- 25 Jan 24
Burgess' new book takes its name from Ruefrex single and the Irish-Australian ballad that inspired the song
Punk, Ruefrex drummer, and now retired UCC academic Paul Burgess has published a book on the Belfast punk scene which details stories about figures like Bono, Shane MacGowan, Elvis Costello and of course, the man often credited with putting Belfast's punk music scene on the map - Teri Hooley.
Belfast- a UNESCO designated World City of Music (the only place on the island to receive such an honour) is known for such musical exports such as Van Morrison, The Undertones, Stiff Little Fingers and recently the likes of Two Door Cinema Club and Kneecap. When listing out the cities' impressive musical exports, few would name Ruefrex – however Burgess' Wild Colonial Boys aims to change all that.
Published through the Manchester University Press, Wild Colonial Boys tells the tale of how Ruefrex emerged from the Belfast street culture of the late-1970s and how the group, inspired by The Clash, enjoyed a turbulent, decade-long career.
Ruefrex were one of the most popular Northern Irish punk bands of their era, playing for millions on CNN and Channel 4, touring with The Pogues and releasing their track 'The Wild Colonial Boy', which attacked the idea of American donations to what the band – and many more besides – saw purely as terrorist organisations.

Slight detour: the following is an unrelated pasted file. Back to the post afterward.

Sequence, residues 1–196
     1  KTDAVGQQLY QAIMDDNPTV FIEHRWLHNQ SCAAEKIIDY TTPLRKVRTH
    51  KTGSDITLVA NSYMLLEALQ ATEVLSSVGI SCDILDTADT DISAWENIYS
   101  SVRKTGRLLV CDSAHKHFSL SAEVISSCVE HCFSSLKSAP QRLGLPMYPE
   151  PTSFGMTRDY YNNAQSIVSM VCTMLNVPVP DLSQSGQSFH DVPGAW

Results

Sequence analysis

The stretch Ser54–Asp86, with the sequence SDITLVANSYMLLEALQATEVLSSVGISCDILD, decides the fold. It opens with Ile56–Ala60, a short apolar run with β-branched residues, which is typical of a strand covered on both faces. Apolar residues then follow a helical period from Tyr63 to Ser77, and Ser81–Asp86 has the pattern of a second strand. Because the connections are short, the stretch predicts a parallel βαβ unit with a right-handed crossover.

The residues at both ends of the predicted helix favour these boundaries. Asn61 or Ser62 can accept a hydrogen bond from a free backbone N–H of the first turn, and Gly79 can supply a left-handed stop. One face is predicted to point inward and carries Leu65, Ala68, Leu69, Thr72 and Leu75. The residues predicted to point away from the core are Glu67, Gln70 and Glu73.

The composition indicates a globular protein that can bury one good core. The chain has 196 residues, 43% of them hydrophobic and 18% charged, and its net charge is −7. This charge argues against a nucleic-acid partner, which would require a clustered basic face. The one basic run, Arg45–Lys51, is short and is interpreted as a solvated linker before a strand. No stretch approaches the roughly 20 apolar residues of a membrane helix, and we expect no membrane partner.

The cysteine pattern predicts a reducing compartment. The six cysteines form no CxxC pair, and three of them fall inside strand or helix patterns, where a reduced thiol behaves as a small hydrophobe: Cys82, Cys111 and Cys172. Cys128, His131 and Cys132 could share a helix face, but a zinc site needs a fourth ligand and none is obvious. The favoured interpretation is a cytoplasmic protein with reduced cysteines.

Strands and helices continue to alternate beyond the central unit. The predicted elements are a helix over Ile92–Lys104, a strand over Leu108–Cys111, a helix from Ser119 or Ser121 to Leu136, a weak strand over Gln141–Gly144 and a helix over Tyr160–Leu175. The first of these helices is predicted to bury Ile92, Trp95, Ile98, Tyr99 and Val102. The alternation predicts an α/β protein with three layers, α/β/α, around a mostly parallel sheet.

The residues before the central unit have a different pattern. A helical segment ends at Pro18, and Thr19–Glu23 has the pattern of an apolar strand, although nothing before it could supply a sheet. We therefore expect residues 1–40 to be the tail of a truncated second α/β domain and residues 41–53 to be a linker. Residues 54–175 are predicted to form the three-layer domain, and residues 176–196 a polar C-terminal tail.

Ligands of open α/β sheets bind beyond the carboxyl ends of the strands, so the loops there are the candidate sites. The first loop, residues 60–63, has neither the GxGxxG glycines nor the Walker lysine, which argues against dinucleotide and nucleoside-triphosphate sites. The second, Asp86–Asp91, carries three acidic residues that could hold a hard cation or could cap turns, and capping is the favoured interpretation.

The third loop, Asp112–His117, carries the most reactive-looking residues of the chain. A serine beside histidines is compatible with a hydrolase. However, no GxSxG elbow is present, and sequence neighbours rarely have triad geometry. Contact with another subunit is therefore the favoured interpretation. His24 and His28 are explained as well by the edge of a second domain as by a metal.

Throughout it all, founder member, songwriter and spokesperson Thomas Paul Burgess ensured the band remained faithful to their working-class origins, in the local Protestant community.
Indeed Burgess has even stated that he had quite an antagonistic relationship with Belfast punk music icon Teri Hooley, saying that Hooley promoted a non-sectarian message, while Ruefrex were strictly anti-sectarian in their persuasion.
Another particularly biting criticism is reserved for Elvis Costello who Burgess met while the band was supporting The Pogues on tour. Burgess claims in the book that Costello referred to Ruefrex as "orange bastards".
Wild Colonial Boys offers readers an insight into an often untold story in Northern Irish punk – Burgess insists that while the movement was propelled, in the main, by working class musicians of Catholic background, it was also moved forward by working class Protestants who often don't fit the punk narrative.
Ruefrex' anti-establishment punk sentiment, combined with the band's own particular sense of Britishness did not necessarily gel with the musical milieu of the time, and this memoir aims to assert Ruefrex's place in the Belfast music scene.
In spite of his upbringing on the Shankill Road, Burgess has now called Cork his home for the bones of 20 years, has a wife from Kerry and holds an Irish passport as well as a British one. He was a faculty member at the University College Cork school of applied social studies, a post from which he has retired, giving him the space to write Wild Colonial Boys. However you view its more contentious elements, it makes for a fascinating read.
Wild Colonial Boys is available in bookstores nationwide.